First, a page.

Thanks to EcoWatch for this story, which we had not previously posted about but which highlights a cause worthy of supporting in Peru:
…Newmont is majority owner of the massive Peruvian gold mine Yanacocha, the second largest gold mine in the world, and its planned Conga gold and copper mine nearby would be even larger, requiring a farming community to move and the four lakes they rely on for irrigation to be drained.
But the community has so far refused to relinquish its treasured land and lakes, and in response activists say the company has reacted with intimidation and harassment.
One person particularly in the company’s cross-hairs is Máxima Acuña de Chaupe, says activist Mirtha Vásquez, a Peruvian lawyer at Wednesday’s meeting. Acuña de Chaupe’s land abuts one of the four lakes but after de Chaupe refused to sell her land in 2011, nongovernmental organizations (NGOs) like Earthworks reported that her family became the target of harassment and violence in the form of beatings and destruction of the family home. Then Newmont sued her for “land invasion” and violent retaliation, which it lost on appeal in December 2014.
Despite this legal victory, activists say that intimidation and threats against Acuña de Chaupe have continued, reporting that the family’s home was demolished again in February 2015, this time by a group of 200 armed men.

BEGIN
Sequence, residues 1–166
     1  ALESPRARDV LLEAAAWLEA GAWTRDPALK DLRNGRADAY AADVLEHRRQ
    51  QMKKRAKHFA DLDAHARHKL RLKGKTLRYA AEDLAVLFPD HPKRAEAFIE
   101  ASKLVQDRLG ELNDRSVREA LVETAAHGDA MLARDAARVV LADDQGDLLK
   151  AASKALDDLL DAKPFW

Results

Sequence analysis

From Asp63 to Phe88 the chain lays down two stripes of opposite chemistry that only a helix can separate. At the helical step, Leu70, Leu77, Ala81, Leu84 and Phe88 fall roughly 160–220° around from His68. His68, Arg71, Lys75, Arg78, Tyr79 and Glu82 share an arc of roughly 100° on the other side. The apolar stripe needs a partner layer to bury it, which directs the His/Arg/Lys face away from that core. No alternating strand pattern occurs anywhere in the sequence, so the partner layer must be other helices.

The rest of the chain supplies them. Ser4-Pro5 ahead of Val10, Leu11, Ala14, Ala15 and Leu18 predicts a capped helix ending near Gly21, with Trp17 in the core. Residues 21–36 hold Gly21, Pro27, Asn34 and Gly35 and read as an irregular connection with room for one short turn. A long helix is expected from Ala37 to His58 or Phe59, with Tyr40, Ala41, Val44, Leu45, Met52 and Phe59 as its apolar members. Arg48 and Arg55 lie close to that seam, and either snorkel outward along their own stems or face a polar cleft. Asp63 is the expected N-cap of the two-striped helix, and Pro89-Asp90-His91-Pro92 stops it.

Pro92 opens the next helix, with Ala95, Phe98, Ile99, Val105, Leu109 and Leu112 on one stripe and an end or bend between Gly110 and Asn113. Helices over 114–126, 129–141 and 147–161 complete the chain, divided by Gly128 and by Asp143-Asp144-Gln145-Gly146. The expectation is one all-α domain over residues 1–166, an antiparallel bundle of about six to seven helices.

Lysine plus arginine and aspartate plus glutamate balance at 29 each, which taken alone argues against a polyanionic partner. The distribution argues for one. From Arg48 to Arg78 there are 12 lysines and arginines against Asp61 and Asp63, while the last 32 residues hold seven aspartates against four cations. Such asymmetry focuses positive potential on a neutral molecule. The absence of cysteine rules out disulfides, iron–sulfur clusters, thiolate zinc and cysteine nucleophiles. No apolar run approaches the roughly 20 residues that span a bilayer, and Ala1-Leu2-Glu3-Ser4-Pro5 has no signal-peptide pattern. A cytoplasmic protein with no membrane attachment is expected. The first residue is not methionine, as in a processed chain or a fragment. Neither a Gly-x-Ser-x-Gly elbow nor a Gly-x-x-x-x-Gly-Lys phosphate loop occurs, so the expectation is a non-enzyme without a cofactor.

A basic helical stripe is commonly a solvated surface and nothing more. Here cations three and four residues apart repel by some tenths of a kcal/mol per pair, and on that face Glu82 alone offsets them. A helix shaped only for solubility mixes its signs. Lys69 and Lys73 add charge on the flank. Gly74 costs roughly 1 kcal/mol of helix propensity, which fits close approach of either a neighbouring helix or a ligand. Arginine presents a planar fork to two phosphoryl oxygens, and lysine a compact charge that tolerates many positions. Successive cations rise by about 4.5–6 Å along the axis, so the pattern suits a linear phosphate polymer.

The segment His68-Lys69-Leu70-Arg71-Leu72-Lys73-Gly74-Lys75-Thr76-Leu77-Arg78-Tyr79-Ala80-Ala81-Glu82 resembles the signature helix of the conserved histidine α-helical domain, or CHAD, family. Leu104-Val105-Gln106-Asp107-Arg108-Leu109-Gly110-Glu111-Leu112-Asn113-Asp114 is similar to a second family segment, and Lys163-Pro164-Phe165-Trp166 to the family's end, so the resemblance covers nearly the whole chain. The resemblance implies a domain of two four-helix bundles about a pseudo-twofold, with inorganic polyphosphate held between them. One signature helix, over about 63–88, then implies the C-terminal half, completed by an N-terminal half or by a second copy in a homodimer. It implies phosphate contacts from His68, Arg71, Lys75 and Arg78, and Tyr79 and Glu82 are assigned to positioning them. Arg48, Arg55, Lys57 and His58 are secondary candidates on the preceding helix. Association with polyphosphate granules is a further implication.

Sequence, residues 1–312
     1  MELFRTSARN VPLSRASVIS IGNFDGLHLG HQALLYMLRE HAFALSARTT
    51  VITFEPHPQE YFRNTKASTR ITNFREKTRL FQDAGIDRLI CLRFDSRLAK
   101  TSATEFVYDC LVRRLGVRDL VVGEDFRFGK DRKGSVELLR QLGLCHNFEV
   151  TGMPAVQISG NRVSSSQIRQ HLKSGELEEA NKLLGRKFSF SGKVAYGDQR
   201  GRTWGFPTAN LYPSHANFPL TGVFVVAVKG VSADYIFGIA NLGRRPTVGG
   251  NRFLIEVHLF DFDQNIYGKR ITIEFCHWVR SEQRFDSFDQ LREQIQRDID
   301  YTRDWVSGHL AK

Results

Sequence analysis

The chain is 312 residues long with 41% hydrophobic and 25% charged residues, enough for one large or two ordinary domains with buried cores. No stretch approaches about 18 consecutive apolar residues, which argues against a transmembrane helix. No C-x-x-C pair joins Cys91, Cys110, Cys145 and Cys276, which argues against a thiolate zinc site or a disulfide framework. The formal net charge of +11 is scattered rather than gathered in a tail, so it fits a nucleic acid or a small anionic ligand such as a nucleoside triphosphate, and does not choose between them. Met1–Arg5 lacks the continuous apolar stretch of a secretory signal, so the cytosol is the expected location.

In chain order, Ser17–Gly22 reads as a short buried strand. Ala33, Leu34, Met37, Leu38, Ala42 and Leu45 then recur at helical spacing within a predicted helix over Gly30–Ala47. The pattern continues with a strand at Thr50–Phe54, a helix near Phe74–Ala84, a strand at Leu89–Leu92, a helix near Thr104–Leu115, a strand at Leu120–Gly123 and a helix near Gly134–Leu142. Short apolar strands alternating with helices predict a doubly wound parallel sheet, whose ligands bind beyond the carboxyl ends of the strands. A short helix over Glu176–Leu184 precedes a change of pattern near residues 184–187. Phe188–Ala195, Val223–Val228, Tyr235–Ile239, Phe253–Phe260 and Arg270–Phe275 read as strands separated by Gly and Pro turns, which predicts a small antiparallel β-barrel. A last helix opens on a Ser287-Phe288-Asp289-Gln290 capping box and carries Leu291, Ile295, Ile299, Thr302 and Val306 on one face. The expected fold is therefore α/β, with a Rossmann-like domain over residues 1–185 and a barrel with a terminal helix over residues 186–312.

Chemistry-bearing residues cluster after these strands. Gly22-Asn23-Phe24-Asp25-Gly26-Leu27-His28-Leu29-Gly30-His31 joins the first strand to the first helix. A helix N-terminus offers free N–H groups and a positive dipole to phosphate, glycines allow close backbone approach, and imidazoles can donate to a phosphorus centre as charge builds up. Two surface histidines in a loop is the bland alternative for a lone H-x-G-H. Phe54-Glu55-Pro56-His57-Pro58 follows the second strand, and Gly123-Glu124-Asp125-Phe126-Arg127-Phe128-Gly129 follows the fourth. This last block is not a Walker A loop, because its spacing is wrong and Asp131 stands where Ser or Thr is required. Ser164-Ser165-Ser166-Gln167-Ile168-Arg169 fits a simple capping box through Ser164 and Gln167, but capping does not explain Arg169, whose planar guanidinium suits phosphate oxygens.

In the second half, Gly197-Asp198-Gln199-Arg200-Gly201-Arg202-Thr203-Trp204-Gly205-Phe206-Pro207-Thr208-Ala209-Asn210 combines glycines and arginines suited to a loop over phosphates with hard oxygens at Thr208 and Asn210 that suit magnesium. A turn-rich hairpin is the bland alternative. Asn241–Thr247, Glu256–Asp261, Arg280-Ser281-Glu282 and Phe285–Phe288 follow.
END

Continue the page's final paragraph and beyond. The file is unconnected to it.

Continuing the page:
“Newmont’s leadership must publicly renounce its harassment of Máxima Acuña de Chaupe and other Cajamarca residents who oppose the Conga mine,” said Vásquez in a prepared statement. “Otherwise Newmont will become globally infamous for discarding their commitments to human rights and community engagement as soon as they become inconvenient.” A Cajamarca resident, Vásquez is director of a local NGO called Grufides and is also legal counsel to Acuña de Chaupe, who declined to travel to the U.S. citing fears of what would happen to her farm and family in her absence.
Keith Slack, manager of Oxfam America‘s global extractive industries team, which tracks the impacts of mines on local communities, agreed with Vásquez. “The company needs to listen to the local population and not move forward with the Conga mine. It should find ways to address Máxima’s situation that are conciliatory and don’t rely on brute force. From the beginning there’s been an unwillingness to listen and take measures that build trust.”…
Read the whole story here.